TABLE 1
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Table 1. Comparison of four sample preparations with regard to UPLC-MS detectable β-glucan products of each method and their characteristicsa.

Information on certain termini and their formation, namely reducing ends (Glc, Ara, Ery), lytic C1- and C5-oxidation (Glc1A & 5oxoGlc), though, are mostly lost due to hydrolysis to monomers and their lack of retention on SPE. Strategies III and IV take care of these neutral and acidic termini by C=O and CO2H labeling, respectively, while increasing sensitivity and making in principle an additional mode of detection possible, namely by UV/fluorescence. This has potential as it would allow in the future the quantification of certain products by taking advantage of the equal response factor regardless of tagged molecule. Due to side reactions for C=O labeling strategy III and presumably incomplete hydrolysis of CO2H labeled species by lichenase in strategy IV, strategy II is still best suited to assess lytic C3/C4 and non-lytic C6 oxidation [via oxoGlcGlc(n−1) & GlcAGlc(n−1), respectively]. However, due to the extensive washing/precipitation steps, none of the sample preparation strategies in their current form capture small oxidation fragments that are not covalently bound to the polymer (Cn aldehydes/acids with number of carbons n < 6). A prominent example is formic acid (C1) which is released as co-product during the cross-ring cleavage to produce e.g., Ara and Ery termini (see Figure 2; Boulos and Nyström, 2016; Mäkelä et al., 2017). While these free C1, C2, C3 … acids technically constitute β-glucan oxidation products, they are not part of the oxidized polymeric β-glucan material that is of interest with regard to its altered physicochemical properties. In addition, the Ara/Ery & Ara1A/Ery1A termini detected by C=O- and CO2H-labeling strategies III and IV, respectively, implicitly carry the information on the amount of free Cn<6 acids or aldehydes. To summarize, combining the complementary sample preparation strategies II, III, and IV provides a complete picture of BG oxidation with regard to relevant oligomeric and polymeric products, with some overlapping areas of detected product types serving as confirmation and validation of the method.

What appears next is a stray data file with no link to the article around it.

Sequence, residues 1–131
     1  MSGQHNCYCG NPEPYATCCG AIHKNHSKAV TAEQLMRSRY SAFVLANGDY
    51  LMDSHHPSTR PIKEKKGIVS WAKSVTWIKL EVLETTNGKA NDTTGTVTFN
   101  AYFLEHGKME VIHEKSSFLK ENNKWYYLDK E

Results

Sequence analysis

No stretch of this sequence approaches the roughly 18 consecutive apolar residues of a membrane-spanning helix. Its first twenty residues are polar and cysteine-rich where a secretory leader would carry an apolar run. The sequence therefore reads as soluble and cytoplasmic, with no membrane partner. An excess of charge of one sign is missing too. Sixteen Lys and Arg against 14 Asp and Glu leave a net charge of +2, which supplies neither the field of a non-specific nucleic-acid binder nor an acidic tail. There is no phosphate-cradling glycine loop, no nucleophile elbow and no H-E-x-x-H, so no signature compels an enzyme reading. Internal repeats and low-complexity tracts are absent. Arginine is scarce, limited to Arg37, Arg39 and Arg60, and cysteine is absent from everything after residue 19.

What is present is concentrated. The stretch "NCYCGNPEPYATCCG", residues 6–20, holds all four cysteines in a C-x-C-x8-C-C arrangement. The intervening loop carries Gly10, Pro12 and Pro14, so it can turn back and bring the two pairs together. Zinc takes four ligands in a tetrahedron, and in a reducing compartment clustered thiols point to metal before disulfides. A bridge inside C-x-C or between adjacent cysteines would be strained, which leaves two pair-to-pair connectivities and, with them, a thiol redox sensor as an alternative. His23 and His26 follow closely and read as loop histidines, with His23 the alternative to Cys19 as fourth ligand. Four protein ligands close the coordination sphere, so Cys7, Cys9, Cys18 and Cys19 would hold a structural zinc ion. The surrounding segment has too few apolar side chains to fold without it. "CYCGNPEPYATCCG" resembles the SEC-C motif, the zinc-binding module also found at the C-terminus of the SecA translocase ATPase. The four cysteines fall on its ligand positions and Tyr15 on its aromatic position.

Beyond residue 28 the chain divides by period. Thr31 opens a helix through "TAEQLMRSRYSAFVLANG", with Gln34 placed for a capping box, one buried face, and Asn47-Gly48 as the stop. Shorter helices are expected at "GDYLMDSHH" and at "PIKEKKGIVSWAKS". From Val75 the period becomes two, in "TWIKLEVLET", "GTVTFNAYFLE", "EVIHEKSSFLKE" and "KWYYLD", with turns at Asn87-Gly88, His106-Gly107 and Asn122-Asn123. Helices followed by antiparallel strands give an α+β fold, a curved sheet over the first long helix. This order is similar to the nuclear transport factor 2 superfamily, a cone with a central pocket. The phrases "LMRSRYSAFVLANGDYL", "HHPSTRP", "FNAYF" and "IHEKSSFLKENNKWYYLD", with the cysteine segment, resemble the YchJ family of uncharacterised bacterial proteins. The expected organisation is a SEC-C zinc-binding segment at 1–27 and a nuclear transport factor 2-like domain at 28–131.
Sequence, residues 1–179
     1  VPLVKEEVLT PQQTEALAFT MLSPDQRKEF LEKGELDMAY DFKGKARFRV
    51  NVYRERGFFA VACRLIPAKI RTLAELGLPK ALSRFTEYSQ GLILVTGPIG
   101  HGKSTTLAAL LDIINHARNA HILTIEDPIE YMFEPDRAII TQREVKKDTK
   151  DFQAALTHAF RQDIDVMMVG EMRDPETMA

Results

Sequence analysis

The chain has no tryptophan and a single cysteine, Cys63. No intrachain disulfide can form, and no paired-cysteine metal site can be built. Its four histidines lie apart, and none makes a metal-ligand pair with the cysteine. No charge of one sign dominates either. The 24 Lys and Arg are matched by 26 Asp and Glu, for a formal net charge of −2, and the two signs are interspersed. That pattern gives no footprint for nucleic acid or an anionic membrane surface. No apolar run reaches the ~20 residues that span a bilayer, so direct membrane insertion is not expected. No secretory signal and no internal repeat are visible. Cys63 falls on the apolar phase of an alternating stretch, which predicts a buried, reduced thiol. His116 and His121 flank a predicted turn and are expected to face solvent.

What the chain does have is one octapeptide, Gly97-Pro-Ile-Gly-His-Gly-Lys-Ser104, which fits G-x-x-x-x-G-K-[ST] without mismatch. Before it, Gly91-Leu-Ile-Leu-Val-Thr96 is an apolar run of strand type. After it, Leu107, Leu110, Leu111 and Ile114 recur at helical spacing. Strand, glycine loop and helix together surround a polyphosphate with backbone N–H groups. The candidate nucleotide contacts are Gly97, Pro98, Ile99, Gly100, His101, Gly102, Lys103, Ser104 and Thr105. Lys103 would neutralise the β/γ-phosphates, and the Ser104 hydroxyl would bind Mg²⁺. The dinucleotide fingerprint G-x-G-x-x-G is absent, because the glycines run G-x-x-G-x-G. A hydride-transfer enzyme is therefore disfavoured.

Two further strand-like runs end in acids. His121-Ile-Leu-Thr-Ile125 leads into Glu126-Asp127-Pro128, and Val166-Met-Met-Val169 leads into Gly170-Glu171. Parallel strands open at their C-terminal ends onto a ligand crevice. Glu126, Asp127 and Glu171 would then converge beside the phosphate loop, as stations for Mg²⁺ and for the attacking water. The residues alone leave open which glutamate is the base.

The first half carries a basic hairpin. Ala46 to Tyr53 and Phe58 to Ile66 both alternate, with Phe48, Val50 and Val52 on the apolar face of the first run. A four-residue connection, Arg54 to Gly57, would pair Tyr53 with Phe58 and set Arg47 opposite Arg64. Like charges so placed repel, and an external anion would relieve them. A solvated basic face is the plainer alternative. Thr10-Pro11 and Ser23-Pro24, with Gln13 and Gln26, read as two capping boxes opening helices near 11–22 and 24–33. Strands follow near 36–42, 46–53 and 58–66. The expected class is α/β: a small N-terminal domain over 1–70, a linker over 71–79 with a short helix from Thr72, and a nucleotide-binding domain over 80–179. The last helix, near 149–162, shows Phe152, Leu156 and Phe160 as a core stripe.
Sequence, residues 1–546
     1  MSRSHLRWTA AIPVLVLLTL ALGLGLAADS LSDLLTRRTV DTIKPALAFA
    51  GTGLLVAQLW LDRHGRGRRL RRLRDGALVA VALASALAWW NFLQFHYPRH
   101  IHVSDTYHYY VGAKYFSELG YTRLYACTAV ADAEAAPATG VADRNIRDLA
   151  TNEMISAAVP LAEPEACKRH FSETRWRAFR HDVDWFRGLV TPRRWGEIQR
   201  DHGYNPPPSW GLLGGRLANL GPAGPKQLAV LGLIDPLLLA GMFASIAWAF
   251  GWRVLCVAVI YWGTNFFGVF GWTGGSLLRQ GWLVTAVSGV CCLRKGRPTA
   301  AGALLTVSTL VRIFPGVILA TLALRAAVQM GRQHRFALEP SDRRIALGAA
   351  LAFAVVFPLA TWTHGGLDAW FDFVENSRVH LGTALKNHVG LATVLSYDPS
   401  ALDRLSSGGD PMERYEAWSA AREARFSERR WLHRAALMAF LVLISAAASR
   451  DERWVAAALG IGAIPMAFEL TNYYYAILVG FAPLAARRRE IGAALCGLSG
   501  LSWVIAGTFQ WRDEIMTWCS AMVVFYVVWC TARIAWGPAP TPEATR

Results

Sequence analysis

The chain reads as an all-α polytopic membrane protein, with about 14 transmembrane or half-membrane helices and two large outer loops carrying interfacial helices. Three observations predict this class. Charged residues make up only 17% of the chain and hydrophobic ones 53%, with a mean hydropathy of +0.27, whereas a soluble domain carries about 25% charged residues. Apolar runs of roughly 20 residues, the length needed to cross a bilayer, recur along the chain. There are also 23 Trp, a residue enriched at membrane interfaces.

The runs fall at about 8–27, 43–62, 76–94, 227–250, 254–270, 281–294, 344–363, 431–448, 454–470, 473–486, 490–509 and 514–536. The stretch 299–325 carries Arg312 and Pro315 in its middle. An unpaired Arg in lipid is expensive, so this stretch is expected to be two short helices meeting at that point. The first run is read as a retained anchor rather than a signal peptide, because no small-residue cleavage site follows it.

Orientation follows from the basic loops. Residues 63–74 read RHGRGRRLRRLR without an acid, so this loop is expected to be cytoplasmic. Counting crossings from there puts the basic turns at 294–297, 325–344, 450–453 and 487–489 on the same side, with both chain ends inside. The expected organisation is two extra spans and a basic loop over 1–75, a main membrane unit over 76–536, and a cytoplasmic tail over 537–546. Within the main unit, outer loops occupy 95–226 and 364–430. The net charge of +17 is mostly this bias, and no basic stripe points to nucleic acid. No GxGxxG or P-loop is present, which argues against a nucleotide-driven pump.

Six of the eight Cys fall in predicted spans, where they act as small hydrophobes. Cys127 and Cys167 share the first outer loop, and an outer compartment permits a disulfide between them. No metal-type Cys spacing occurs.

Regarding diagnostic value and sensitivity for detection of BG oxidation by UPLC-MS, the oxidized species obtained from labeling strategies III (C=O) and IV (CO2H) are the most promising candidates. We present for the first time in the Fenton-induced degradation of BG evidence for a direct lytic C5-oxidation under formation of 5-oxo-reducing ends—a process largely overlooked in the literature. With sample preparation strategy III, 5oxoGlc, and Glcβ(1→3)5oxoGlc were successfully detected in substantial amounts by UPLC-MS as labeled heterocyclic amines resulting from cyclization by an intramolecular reductive amination step unique to δ-keto-aldehydes. In contrast to reducing end units, which are already present before oxidation and can in real life samples also be produced by hydrolytic processes catalyzed by acids or enzymes, 5-oxoglucose is a clear marker for BG oxidation. It shows next to labeled cross-ring cleavage products arabinose and erythrose the highest potential for future use in determining extent of oxidation during food processing and storage.

Part 2—Application

Co-oxidation of BG and Starch